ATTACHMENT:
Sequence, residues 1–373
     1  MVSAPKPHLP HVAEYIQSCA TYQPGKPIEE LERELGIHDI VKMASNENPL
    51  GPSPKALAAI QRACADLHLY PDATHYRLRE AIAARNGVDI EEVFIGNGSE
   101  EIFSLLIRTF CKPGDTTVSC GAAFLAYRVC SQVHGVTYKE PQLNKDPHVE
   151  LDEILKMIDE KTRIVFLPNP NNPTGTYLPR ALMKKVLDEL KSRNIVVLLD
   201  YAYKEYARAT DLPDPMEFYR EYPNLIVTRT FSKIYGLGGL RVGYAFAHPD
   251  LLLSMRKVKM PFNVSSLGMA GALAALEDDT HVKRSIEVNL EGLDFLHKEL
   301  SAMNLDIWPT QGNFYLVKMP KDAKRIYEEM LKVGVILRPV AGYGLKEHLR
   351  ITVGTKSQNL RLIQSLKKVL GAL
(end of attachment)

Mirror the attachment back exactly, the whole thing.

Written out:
Sequence, residues 1–373
     1  MVSAPKPHLP HVAEYIQSCA TYQPGKPIEE LERELGIHDI VKMASNENPL
    51  GPSPKALAAI QRACADLHLY PDATHYRLRE AIAARNGVDI EEVFIGNGSE
   101  EIFSLLIRTF CKPGDTTVSC GAAFLAYRVC SQVHGVTYKE PQLNKDPHVE
   151  LDEILKMIDE KTRIVFLPNP NNPTGTYLPR ALMKKVLDEL KSRNIVVLLD
   201  YAYKEYARAT DLPDPMEFYR EYPNLIVTRT FSKIYGLGGL RVGYAFAHPD
   251  LLLSMRKVKM PFNVSSLGMA GALAALEDDT HVKRSIEVNL EGLDFLHKEL
   301  SAMNLDIWPT QGNFYLVKMP KDAKRIYEEM LKVGVILRPV AGYGLKEHLR
   351  ITVGTKSQNL RLIQSLKKVL GAL